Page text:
Perhaps it is my background as a native of New England, but I am of the opinion that no one should purchase a lobster that has not been sent by overnight mail or has traveled more than one or two hours from the coast where it was caught to the fishmonger's. Lobsters who hang around in tanks in the Randalls or the Albertsons or the Safeway or the Kroger or the local Asian market do not taste much like lobster to this Mainer's palate, but when properly cooked can make fine eating. That being said, people are going to buy them like this, though I do recommend purchasing them from reputable sources such as St. George Marine at 10 Cold Storage Rd, Port Clyde, ME 04855. They are a wholesaler but will ship to you if you ask them to. I am biased in favor of this source, partly because the men and women who do the lobstering are my neighbors. I am also thoroughly convinced that it is a complete waste of time to order lobster in a restaurant, no matter how talented the chef. I have never had a satisfactory lobster dish in any restaurant, American or European. I have, however, spent a considerable sum of money for the privilege of being sorely disappointed. My father, a lobsterphile who has had the privilege of a large corporate expense account in the past says that on occasion a good lobster can be had in a restaurant, though his guests were more impressed than he. Don't do it. Cook it at home.

No matter where you purchase your lobster, you want them to be alive when they are ready to go into the pot. Select lobsters that are feisty and will flap their tails when picked up, right behind the front claws, which will be banded or pegged to keep them from turning on the chef. If they are shipped directly from New England, they are likely to be packed in rockweed, a kind of seaweed. You want to reserve that because you're going to use it to season the broth you'll cook them in. Lobsters molt several times a year. Soft-shell lobsters or "shedders" will keep a day in your refrigerator. Hard-shell lobsters will keep two days. But it's best to cook them as soon as you buy them. Most will be 1 to 1.25 pounds (called "Chickens") to 2 to 2.5 pounds. My opinion is that smaller lobsters are sweeter.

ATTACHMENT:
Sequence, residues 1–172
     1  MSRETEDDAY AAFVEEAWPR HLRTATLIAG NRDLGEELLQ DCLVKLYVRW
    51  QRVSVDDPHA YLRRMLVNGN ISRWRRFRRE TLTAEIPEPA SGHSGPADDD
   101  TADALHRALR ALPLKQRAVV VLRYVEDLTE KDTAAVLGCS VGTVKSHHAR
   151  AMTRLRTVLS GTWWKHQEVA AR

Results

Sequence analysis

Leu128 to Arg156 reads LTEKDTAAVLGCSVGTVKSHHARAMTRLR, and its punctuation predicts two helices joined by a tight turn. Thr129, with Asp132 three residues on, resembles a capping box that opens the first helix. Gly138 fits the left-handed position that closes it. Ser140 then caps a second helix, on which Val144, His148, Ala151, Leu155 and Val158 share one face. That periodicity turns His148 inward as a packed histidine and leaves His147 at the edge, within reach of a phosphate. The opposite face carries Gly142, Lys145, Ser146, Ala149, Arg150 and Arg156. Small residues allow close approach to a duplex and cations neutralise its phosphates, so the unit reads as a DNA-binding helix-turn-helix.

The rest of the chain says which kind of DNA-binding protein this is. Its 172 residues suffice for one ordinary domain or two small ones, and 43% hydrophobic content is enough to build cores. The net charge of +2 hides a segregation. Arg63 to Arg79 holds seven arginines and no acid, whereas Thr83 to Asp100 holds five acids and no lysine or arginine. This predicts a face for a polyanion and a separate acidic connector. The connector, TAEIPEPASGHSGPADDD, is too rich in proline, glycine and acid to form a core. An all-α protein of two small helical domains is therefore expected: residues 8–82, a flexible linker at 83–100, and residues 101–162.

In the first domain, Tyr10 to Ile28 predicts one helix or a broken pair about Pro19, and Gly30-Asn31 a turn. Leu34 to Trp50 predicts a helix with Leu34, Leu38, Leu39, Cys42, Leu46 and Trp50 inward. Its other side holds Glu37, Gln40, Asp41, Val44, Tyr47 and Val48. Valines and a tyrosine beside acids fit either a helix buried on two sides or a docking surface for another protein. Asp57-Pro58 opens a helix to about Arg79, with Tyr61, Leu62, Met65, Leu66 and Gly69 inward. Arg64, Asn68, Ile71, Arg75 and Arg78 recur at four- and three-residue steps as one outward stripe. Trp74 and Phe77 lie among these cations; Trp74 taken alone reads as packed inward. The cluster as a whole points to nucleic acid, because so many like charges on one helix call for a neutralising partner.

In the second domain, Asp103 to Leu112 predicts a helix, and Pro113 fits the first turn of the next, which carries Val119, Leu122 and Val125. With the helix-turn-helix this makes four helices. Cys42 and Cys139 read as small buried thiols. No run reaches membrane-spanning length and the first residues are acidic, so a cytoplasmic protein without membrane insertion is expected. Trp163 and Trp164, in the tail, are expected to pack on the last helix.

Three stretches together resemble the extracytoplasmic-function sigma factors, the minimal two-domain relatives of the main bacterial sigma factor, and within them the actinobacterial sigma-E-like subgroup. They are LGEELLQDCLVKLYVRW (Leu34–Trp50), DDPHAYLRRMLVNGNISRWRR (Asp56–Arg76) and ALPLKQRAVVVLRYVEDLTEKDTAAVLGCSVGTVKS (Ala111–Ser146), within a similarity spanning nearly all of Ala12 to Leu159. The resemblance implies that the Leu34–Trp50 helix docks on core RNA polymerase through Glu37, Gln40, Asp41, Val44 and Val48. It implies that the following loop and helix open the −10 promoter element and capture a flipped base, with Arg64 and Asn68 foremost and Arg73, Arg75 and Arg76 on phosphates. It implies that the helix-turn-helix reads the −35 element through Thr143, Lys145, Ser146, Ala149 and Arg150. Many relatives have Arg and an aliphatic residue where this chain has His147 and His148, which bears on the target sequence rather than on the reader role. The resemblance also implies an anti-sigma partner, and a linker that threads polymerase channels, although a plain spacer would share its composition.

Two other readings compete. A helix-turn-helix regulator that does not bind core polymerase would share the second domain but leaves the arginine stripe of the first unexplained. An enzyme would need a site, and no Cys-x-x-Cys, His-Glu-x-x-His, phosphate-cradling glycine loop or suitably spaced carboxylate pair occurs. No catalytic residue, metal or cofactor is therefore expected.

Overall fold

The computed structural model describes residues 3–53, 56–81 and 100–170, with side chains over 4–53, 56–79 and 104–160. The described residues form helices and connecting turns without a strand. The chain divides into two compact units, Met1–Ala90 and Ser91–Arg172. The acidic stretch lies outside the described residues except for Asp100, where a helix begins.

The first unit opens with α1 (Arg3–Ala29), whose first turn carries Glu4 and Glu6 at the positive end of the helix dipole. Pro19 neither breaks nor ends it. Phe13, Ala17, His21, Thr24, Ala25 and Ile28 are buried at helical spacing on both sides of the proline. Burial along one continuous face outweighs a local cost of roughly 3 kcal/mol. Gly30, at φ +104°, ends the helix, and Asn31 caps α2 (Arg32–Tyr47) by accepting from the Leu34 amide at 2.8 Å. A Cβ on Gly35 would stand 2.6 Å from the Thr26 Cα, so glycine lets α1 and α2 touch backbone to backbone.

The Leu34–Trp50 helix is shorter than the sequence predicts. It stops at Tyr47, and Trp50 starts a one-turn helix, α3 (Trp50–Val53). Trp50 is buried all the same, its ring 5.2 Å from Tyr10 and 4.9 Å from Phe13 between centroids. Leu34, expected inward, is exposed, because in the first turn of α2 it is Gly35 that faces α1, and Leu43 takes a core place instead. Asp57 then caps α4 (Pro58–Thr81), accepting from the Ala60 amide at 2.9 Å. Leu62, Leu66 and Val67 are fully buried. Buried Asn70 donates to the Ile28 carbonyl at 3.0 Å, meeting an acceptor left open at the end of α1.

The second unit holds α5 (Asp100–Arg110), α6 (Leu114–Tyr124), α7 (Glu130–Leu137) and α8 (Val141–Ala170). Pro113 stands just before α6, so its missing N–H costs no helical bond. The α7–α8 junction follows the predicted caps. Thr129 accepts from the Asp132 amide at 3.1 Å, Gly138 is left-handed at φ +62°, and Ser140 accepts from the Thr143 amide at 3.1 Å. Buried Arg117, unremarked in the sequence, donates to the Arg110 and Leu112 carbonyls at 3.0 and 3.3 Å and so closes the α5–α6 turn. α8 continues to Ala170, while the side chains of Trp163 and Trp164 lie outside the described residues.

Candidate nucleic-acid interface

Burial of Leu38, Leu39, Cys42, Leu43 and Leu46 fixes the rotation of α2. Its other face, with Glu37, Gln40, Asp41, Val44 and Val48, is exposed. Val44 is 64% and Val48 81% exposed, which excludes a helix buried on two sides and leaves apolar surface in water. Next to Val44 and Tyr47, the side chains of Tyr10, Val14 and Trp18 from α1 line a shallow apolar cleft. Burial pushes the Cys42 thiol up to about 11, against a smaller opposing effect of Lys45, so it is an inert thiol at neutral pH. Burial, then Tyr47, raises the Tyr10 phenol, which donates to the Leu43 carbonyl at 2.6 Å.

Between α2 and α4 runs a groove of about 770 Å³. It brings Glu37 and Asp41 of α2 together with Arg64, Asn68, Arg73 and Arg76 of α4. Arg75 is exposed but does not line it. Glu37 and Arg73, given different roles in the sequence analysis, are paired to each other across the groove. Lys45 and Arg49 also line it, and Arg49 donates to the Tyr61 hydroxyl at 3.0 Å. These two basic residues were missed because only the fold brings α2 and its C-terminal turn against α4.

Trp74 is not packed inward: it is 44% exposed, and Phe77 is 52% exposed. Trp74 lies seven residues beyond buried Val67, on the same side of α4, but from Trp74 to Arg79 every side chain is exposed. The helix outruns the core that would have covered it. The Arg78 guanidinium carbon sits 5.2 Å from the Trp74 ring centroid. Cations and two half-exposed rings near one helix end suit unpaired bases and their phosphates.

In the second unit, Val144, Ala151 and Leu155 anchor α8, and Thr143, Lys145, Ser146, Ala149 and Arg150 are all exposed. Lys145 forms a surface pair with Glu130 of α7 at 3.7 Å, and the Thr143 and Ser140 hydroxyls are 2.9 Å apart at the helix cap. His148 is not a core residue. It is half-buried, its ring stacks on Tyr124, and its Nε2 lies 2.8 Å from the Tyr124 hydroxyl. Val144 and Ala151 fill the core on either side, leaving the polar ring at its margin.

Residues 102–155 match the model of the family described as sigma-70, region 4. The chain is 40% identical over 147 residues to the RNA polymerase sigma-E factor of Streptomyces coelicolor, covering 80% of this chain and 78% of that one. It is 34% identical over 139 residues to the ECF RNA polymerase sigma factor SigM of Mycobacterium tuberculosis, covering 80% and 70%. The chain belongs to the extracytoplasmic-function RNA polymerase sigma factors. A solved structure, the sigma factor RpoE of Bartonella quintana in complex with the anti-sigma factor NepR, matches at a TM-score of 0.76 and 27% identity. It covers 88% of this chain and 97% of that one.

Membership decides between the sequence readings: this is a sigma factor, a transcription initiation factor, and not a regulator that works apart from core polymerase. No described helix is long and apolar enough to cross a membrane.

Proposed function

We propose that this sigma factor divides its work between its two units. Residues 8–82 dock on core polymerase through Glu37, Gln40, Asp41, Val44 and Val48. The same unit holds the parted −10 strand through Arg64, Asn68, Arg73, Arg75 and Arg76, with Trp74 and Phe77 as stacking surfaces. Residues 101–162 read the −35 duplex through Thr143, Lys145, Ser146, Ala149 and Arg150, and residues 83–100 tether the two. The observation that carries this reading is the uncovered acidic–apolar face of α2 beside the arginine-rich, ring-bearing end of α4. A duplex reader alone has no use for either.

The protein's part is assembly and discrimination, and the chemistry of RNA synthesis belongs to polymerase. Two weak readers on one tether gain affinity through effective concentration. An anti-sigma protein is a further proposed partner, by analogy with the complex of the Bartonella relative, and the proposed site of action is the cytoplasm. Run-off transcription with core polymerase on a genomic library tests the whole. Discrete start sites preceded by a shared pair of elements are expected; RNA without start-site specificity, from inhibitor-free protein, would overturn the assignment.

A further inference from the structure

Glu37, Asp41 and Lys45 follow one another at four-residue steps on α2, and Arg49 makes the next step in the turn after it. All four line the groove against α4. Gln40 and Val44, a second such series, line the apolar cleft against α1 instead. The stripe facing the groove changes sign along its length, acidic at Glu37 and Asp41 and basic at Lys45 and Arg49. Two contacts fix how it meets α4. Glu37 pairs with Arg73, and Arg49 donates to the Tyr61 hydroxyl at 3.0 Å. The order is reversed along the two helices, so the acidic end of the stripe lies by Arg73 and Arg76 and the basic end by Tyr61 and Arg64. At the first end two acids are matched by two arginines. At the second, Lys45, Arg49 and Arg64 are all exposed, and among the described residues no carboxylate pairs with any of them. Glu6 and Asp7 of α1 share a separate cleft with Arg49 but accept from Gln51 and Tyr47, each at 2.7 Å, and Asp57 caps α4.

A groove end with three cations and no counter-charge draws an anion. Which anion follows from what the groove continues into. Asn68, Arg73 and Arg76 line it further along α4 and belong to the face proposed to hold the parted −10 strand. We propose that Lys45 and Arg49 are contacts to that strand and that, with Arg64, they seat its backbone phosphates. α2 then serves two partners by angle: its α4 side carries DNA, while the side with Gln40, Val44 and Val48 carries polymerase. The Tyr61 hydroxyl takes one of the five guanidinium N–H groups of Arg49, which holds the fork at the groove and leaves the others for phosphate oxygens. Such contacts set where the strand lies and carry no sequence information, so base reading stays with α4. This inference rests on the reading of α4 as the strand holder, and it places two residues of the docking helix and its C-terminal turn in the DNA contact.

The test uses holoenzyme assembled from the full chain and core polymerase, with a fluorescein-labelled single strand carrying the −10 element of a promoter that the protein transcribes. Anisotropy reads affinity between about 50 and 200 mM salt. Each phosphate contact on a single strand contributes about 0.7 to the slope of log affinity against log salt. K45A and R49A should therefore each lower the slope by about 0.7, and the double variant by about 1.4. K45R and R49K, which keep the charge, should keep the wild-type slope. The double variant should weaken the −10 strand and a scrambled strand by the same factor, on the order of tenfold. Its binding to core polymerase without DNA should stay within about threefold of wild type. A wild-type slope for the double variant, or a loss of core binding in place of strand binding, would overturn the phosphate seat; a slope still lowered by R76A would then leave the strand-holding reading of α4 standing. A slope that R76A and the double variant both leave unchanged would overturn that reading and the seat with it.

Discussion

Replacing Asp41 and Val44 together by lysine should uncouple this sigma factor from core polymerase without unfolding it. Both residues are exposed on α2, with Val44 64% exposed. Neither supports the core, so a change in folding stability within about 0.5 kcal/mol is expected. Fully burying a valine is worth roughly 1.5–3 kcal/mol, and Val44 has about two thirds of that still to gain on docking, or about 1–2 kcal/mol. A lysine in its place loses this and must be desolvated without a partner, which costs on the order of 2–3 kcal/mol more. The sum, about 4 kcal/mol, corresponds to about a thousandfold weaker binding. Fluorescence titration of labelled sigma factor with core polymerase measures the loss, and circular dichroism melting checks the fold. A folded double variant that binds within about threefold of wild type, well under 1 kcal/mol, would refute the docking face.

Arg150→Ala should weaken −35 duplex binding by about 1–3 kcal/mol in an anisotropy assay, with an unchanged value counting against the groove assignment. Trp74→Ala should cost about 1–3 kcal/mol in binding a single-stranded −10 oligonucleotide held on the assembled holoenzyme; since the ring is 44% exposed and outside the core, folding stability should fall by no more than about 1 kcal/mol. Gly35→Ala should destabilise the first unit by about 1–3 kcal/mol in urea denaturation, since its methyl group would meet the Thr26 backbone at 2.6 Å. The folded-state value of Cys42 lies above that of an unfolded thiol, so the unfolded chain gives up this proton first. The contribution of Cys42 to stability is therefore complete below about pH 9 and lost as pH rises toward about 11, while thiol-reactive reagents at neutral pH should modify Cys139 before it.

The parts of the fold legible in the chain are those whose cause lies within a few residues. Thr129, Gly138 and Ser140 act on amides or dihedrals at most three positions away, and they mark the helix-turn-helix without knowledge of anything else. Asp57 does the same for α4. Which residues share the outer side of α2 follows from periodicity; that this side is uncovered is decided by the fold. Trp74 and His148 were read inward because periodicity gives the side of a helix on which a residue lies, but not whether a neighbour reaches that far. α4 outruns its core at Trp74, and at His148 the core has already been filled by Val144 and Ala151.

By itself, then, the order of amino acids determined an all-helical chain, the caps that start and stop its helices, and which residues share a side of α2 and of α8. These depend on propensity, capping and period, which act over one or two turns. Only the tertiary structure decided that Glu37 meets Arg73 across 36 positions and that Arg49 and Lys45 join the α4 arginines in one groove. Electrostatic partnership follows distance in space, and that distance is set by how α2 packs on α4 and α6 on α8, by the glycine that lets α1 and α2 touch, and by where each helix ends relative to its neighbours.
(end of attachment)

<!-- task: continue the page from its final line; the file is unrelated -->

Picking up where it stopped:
Lots of people do not like the act of plunging a lobster head-first into a boiling court-bouillon, and there are a few things you can do to make this process more pleasant for both you and the lobster. A half an hour in the freezer will slow them down quite a bit. Or, alternately, they can be "hypnotized" by running a finger from the pointy spine between their eyes to the base of the "tail" for a couple of minutes. This works well, and is my usual practice.

Simple Boiled Maine Lobster

This recipe is a hybrid of New England and European techniques. It is the best way to eat a lobster, at least in my opinion.

Plan on one lobster per person, plus a couple of extras. As my father, a man who has summered in Maine for nearly 60 years would tell you, one lobster is never enough and two is too many.

In a large pot (I use a canning kettle) fill it about two thirds full with good, fresh water and a little Kosher salt to taste. Add also a handful of rockweed if you have it, about a tablespoon of caraway seeds crushed in a mortar and pestle or with the back of a spoon, three crushed cloves of garlic, one small strong yellow onion cut in half, with the skin on, one stalk of celery, some parsley, about a tablespoon of crushed black peppercorns, and bring to a boil.

In the meantime, anesthetize the lobsters in one of the ways discussed above if you are squeamish. If you are particularly puckish, like my aforementioned father, you may name them and race them on the kitchen floor. Mortimer and Throckmorton are family favorites, though I do not indulge in this particular perversity. If I were to indulge in this barbarism, which I would never do as I am far too much a friend of animals, my personal preference would be inclined to name the unfortunate lobsters after two rather well known Friday night PBS pundits. The Democrat would go in first, out of respect, followed by his Republican counterpart, who would make a big racket but like all lobsters, one that no one else could understand because lobsters communicate through hormones in their urine, very much like Republican pundits do.